Bug #1089

gmtselect considers no region interior of a polygon with meridional sides only

Added by Peter 7 months ago. Updated 7 months ago.

Status:In ProgressStart date:2017-05-01
Priority:NormalDue date:
Assignee:Paul% Done:

0%

Category:-
Target version:Candidate for next minor release
Affected version:5.x-svn Platform:

Description

Tested on gmtselect(core) 5.4.0_r17525M [64-bit]

It seems that gmtselect fails to detect the interior region of a polygon defined by two meridians, attached is a polygon with sides along meridian 30 and 180. Running the commands

$~> echo "0 31" | gmtselect -: -Fmeridian_30_180.poly -fg -If
0 31
$~> echo "0 29" | gmtselect -: -Fmeridian_30_180.poly -fg -If
0 29

demonstrates that gmtselect considers either side on the 30'th meridian as the exterior of the polygon

meridian_30_180.poly (14.4 KB) Peter, 2017-05-01 23:40

meridian_-1_1.poly (13.7 KB) Peter, 2017-05-02 22:37

meridian_1_-1.poly (13.3 KB) Peter, 2017-05-02 22:41

Associated revisions

Revision 18111
Added by Paul 7 months ago

Address issue #1089

History

#1 Updated by Paul 7 months ago

  • Status changed from New to In Progress
  • Assignee set to Paul
  • Target version set to Candidate for next minor release

Think this is fixed in r18111 but I will do some more tests later.

#2 Updated by Peter 7 months ago

Sorry, forgot to update to latest svn version before testing/reporting.

Just did so now at gmtselect(core) 5.4.0_r18111M [64-bit] with the result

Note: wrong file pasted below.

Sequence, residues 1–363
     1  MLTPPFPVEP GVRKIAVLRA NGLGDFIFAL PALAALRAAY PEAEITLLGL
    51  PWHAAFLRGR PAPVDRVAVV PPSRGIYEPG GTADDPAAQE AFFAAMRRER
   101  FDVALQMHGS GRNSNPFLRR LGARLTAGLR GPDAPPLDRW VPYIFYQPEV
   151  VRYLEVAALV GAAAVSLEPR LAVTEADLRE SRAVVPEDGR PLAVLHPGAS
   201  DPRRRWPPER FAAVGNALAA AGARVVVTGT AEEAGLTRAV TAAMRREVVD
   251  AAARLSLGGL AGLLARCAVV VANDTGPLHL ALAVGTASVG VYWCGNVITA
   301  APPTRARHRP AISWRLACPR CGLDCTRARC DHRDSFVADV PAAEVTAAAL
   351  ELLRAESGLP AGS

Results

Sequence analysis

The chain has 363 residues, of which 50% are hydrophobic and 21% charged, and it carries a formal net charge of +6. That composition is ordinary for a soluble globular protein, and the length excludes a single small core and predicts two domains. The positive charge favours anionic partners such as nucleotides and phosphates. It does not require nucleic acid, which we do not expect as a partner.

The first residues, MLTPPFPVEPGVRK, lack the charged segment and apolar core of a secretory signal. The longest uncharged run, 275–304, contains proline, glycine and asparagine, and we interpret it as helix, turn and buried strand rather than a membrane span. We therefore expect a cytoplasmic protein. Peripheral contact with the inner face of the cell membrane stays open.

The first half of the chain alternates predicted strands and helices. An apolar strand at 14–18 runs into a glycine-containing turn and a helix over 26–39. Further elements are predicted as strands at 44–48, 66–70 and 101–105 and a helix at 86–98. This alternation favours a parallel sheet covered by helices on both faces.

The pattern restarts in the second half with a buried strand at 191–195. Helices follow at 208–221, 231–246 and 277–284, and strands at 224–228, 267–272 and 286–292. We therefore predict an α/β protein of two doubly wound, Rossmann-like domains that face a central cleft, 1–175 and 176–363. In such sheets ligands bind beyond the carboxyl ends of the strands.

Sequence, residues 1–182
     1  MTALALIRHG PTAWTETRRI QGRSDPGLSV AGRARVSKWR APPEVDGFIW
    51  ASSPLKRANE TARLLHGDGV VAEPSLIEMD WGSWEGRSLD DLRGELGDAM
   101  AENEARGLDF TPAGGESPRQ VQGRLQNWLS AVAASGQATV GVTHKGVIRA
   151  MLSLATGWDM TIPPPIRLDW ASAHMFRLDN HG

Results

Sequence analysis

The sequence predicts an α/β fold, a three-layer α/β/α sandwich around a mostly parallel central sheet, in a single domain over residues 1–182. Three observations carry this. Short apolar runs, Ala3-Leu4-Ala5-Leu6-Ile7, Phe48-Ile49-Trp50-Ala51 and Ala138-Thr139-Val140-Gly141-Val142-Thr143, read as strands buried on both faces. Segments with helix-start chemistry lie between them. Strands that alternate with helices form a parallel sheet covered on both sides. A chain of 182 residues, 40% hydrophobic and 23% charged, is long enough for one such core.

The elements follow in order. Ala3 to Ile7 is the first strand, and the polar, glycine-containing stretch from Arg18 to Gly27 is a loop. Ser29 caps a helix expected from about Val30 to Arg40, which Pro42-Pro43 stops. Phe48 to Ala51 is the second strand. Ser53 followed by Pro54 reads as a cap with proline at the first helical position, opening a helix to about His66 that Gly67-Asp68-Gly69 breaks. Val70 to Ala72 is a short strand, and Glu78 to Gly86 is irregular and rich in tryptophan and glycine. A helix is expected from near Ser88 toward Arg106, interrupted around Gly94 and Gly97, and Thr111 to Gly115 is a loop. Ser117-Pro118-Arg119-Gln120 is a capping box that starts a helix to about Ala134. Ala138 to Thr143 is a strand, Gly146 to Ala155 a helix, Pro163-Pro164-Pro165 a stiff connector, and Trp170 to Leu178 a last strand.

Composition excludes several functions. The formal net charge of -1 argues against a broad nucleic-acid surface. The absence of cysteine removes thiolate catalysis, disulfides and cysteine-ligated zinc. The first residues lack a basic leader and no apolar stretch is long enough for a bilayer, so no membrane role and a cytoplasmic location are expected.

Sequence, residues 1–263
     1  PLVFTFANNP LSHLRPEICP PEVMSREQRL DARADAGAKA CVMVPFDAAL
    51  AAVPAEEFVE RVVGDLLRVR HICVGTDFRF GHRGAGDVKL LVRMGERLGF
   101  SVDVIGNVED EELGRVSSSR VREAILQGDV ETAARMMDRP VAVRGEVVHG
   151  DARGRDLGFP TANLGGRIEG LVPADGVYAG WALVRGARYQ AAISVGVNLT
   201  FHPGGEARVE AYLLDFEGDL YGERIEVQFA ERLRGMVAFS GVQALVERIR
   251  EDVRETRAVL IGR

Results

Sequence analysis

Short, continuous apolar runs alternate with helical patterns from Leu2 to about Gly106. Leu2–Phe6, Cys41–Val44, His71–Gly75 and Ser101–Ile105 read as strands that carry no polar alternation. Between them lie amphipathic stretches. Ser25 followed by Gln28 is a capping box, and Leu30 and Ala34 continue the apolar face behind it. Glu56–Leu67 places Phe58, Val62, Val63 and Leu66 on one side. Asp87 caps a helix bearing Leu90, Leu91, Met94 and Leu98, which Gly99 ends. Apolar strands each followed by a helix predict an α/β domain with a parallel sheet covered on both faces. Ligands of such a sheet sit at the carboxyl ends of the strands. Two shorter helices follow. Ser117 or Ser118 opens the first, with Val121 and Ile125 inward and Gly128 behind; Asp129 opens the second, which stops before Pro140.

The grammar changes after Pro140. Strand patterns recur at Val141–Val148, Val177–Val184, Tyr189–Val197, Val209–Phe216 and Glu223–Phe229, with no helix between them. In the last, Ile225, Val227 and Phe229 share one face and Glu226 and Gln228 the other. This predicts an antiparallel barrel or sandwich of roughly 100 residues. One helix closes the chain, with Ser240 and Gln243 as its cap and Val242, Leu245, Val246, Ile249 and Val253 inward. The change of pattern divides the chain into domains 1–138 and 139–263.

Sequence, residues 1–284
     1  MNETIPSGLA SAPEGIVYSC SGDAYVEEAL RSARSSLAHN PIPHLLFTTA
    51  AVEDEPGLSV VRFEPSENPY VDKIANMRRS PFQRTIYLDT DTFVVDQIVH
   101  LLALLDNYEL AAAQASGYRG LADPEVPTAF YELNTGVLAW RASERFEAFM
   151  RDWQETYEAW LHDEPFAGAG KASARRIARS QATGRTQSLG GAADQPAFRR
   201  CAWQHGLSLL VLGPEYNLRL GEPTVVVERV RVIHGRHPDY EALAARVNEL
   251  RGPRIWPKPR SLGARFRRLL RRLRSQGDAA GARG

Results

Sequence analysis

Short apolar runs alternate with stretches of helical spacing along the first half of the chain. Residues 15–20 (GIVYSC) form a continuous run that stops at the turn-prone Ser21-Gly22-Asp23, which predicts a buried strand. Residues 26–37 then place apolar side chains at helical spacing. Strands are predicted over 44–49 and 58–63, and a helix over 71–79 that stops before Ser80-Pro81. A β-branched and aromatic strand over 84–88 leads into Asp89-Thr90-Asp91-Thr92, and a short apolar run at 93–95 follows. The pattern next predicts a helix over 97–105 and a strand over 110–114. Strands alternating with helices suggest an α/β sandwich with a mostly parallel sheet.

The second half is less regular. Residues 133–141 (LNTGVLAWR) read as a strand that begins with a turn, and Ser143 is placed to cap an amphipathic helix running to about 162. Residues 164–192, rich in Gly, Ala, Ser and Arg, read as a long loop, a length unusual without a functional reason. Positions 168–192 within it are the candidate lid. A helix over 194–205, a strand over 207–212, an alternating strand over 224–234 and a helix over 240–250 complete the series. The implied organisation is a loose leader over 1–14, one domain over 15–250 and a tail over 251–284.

$~>echo "0 31" | gmtselect -: -Fmeridian_30_180.poly -fg -If
0 31
$~> echo "0 29" | gmtselect -: -Fmeridian_30_180.poly -fg -If
$~> echo "0 29" | gmtselect -: -Fmeridian_30_180.poly -fg
0 29

So gmtselect now do consider one of the regions to be inside.

However, the region considered inside is the larger of the two rather than the smaller one. Initially I suspected it selected the region containing the 0'th meridian but this does not seem to be the case as confirmed using a polygon defined by meridian -1 and 1. Attached files contains one clockwise and one anticlockwise version of this polygon (just to test that the orientation does not matter as this was discussed in an earlier related thread)

$~> echo "0 0" | gmtselect -: -Fmeridian_1_-1.poly -fg 
$~> echo "0 0" | gmtselect -: -Fmeridian_-1_1.poly -fg
$~> echo "0 0" | gmtselect -: -Fmeridian_1_-1.poly -fg -If
0 0
$~> echo "0 0" | gmtselect -: -Fmeridian_-1_1.poly -fg -If
0 0

#3 Updated by Paul 7 months ago

I will see what can be done. However, these polygons are a bit unusual since a single -R check is way faster and more accurate for selecting data in such wedges. If these are actual polygons needed for real work then I suggest you simply use the -R option.

#4 Updated by Peter 7 months ago

Yes, the polygons are unusual and no, they are not needed for real work at present. They were specifically designed to figure out how gmtselect works under different conditions as I was asked to set up some test cases in the original thread related to this in the forum.

I have to say though that I still fail to see the answer to my original question, that is how gmt decides which region is inside and which is outside to a polygon on a spherical surface. Apparently the answer is not as simple as the polygon with smallest area, as illuminated by the polygons above.

#5 Updated by Paul 7 months ago

No, it isn't that simple. The area is not even computed. The search clearly has limitations at the present time and your tests are pointing those out. I am interested in getting it to work for cases such as very large polygons that may be more than half the sphere. It is a matter of resources.

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